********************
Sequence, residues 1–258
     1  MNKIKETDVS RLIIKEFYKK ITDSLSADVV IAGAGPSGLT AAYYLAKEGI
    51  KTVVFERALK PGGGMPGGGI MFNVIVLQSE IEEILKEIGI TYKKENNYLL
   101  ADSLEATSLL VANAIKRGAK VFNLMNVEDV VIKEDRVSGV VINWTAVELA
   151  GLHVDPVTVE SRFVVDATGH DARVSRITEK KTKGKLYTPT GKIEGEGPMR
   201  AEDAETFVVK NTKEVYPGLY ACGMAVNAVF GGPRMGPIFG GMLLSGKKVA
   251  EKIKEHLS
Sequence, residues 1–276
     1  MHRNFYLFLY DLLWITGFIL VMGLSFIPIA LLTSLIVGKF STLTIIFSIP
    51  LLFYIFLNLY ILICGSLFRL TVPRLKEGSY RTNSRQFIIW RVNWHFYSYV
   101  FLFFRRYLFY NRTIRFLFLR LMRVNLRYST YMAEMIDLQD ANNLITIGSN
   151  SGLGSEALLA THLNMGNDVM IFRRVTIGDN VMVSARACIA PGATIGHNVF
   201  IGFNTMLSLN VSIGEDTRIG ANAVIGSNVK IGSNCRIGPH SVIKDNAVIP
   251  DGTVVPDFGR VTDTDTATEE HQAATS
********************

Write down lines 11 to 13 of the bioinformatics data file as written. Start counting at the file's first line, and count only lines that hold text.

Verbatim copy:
   101  FLFFRRYLFY NRTIRFLFLR LMRVNLRYST YMAEMIDLQD ANNLITIGSN
   151  SGLGSEALLA THLNMGNDVM IFRRVTIGDN VMVSARACIA PGATIGHNVF
   201  IGFNTMLSLN VSIGEDTRIG ANAVIGSNVK IGSNCRIGPH SVIKDNAVIP